My servants all for life did flee,

And left me in extremitie.

"I sewed his sheet, making my mane;

I watch'd the corpse, myself alane;

I watch'd his body, night and day;

No living creature came that way.

"I took his body on my back,

And whiles I gaed, and whiles I sat;

I digged a grave, and laid him in,

And happ'd him with the sod sae green.

"But think na ye my heart was sair,

When I laid the moul' on his yellow hair;

O think na ye my heart was wae,

When I turn'd about, away to gae?

"Nae living man I'll love again,

Since that my lovely knight is slain,

Wi' ae lock of his yellow hair

I'll chain my heart for evermair."

Just by Henderland is Coppercleuch, (called Cappercleuch in my boyhood,) and below it, Megget, flowing into the loch—a troutful stream, at least in earlier days. Pike used to bask in 301the shallows here of a hot summer's day; perhaps even yet they do so. But I think these fish are more numerous now in the Loch of the Lowes than in St. Mary's.


Up Megget's left bank runs a hill road leading over into Tweedsmuir. It has been negotiated by motors, but it is far from being a desirable road for that form of traffic, or indeed for any except foot traffic. The surface is rough and hilly, and where it plunges down past Talla Linns it is exceedingly steep, and n places very soft.

Higher up the loch than Coppercleuch is the Rodono Hotel, and beyond, on the isthmus at the very head of St. Mary's, "Tibbie's," that famous little hostelry, haunt lang syne of Christopher North and Hogg; "Tibbie's," with its queer little antiquated box-beds, that I believe even yet exist. But it is not the "Tibbie Shiels" of North's day, or even of much later 302days; it has not the same simplicity; it has grown, and is no longer the simple little cottage into which Tibbie and her husband entered just ninety years ago this year of 1913.


Robert Chambers described it in 1827 as "a small, neat house, kept by a decent shepherd's widow... It is scarcely possible to conceive anything more truly delightful than a week's ruralizing in this comfortable little mansion, with the means of so much amusement at the very door, and so many interesting objects of sight and sentiment lying closely around."

Perhaps in some ways it is as delightful now as ever; but motors and bicycles have changed its air, and its aspect. They seem as inconsistent with the air of "Tibbie's" as would be a railway train, or penny steamers on the loch. Necessarily, there is now about the place a more commercial air; it is no longer the mere cottage, with its simple fare of oatmeal porridge,—cooked as nowhere now it is cooked; milk, rich and frothy; of ham and eggs, the mere whiff of which would bring you in ravenous from loch or hill; of fresh caught trout fried in oatmeal and still sizzling as they were brought in. There are trout now as of 303old, no doubt, and hens yet lay eggs, and pigs are turned to bacon; but you eat now with a sense of having a train to catch, or a motor hurriedly to jump into; your eye seems to be ever on the clock, and the old air of leisure and of peace is gone. Tibbie Shiel herself departed in time. She who, when all the world was young, listened many a time to that Shepherd who had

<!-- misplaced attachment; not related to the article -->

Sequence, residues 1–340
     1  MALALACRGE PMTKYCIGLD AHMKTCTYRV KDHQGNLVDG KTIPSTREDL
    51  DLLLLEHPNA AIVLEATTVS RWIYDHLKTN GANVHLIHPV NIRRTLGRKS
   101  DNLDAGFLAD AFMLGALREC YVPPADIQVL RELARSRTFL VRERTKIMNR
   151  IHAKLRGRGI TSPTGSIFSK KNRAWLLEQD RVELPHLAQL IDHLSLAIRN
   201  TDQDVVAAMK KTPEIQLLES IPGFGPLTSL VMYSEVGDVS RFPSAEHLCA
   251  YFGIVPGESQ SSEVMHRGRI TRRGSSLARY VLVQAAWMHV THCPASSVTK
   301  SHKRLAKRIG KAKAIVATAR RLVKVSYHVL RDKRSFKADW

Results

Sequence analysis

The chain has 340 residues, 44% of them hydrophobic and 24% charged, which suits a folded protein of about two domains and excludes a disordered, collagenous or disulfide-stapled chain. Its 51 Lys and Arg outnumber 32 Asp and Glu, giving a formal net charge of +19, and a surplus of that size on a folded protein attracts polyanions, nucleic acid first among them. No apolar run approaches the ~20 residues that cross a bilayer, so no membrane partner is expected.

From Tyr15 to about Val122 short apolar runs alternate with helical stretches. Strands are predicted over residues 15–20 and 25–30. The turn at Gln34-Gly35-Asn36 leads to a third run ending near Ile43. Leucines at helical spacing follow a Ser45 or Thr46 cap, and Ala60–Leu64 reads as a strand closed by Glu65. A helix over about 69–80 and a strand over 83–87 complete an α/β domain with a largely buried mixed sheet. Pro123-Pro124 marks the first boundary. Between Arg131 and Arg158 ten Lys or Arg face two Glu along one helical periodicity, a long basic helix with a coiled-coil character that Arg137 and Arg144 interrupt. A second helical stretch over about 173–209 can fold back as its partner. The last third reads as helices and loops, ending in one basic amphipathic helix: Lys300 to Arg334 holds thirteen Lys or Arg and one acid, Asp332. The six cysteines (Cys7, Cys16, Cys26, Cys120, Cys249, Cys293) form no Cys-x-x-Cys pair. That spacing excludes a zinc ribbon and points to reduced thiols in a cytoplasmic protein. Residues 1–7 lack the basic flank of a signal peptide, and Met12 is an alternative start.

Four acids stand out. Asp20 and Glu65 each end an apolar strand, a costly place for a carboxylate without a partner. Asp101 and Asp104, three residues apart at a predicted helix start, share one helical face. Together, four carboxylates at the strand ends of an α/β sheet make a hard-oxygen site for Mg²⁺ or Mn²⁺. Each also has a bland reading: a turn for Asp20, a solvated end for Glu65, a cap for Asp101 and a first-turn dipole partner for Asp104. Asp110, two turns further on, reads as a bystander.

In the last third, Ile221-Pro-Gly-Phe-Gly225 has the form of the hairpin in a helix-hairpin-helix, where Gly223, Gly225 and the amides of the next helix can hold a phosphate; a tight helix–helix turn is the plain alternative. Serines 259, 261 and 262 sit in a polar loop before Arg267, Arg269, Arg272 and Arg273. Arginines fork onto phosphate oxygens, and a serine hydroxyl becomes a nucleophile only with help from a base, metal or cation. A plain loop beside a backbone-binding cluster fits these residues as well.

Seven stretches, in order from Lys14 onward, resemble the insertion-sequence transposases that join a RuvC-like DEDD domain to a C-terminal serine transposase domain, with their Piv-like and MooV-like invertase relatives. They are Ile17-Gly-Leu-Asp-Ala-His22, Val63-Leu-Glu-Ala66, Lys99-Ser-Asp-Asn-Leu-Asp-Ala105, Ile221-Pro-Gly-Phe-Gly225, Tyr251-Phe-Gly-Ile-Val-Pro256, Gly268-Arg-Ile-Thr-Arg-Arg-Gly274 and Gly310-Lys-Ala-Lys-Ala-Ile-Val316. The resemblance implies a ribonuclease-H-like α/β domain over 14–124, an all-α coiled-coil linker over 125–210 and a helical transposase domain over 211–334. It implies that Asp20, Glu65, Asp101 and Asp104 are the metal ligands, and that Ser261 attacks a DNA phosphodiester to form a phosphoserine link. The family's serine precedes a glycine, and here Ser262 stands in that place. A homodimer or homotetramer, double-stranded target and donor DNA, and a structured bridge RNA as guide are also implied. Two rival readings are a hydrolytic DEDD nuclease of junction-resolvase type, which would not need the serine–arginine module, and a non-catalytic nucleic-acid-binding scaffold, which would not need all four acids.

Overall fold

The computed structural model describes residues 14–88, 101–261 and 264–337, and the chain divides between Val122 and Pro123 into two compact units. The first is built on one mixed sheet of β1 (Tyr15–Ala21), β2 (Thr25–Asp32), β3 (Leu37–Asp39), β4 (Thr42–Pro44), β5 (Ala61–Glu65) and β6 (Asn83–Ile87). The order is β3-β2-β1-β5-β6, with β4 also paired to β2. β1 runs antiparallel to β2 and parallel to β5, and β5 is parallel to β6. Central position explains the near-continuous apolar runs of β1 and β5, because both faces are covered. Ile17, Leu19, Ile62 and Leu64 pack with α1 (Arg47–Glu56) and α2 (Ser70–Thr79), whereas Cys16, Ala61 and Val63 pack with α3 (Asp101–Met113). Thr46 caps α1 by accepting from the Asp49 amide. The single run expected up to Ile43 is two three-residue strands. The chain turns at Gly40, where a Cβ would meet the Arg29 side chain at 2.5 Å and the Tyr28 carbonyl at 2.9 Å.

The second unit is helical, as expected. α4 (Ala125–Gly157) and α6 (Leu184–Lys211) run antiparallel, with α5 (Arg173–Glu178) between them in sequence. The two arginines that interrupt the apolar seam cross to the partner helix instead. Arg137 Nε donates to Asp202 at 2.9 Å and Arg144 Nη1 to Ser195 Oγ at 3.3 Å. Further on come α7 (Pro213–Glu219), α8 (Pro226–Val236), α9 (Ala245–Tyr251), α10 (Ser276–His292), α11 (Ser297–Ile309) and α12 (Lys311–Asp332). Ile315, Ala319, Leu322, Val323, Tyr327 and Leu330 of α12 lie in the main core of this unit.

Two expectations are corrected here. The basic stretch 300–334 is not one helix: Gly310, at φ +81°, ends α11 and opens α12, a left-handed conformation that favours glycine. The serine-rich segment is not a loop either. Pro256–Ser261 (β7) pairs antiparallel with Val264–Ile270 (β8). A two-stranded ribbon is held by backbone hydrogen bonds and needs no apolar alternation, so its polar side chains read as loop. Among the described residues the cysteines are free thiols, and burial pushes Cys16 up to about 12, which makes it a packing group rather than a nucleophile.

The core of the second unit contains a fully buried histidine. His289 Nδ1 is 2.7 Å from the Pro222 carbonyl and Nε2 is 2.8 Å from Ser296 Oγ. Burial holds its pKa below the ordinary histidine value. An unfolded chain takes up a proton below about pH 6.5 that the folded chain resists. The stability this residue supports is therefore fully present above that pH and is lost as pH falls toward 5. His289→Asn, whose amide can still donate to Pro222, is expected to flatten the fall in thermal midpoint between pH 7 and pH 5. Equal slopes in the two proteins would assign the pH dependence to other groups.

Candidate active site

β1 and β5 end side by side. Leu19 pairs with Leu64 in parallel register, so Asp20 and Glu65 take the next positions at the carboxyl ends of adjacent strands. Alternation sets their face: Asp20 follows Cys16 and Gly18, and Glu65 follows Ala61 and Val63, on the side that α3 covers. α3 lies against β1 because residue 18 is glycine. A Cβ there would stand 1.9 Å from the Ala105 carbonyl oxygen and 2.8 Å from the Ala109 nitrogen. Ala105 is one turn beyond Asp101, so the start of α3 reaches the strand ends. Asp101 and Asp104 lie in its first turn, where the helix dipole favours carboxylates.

"Found in youth a harp among the hills,

Dropt by the Elfin people,"

I think could ill have brooked this twentieth century rush and hurry; she was spared the trial of finding the pure air of St. Mary's poisoned by the stench of petrol fumes. A native of Ettrick, born in 1782, Tibbie lived at her home in Yarrow till the summer of 1878, and she lies in the same kirk-yaird that "haps" all that is mortal of James Hogg. And here by the loch, almost at her door, with plaid around him, the Shepherd sits in effigy, as Christopher North predicted to him in 1824, with "honest face looking across St. Mary's Loch and up towards the Grey Mare's Tail, while by moonlight all your own fairies will weave a dance round its pedestal."

They were weird things, those box beds, that have been mentioned as still existing in Tibbie Shiel's cottage, weird, and responsible for much ill-health, more especially one would suppose, for consumption. They were built into the wall of a room, and they had wooden doors that could be drawn close at night, entirely cutting them off from the room, and jealously excluding every breath of fresh air. Some had a very small sliding trap, or eyelet hole, in one of the doors, opening at the side just above the pillow, but the custom was, as I understand, to shut even that. The box-bed was of old almost universal in peasants' cottages in the Border. No doubt it gave a certain amount of privacy to the occupant or occupants, but what countless forms of disease it must have fostered! The present writer can remember the case of a young man of twenty-five or so, who, to the puzzled wonder of his friends, 304died of a galloping consumption. "I canna think hoo he could hae gotten't," said his sister to the daughter of her mistress. "He was aye that carefu' o' himsel'. Od! he wad hap himself up that warm, an' he aye drew the doors o' his bed close, an' shuttit the verra keek-hole. Na! I canna think hoo he could hae catched it."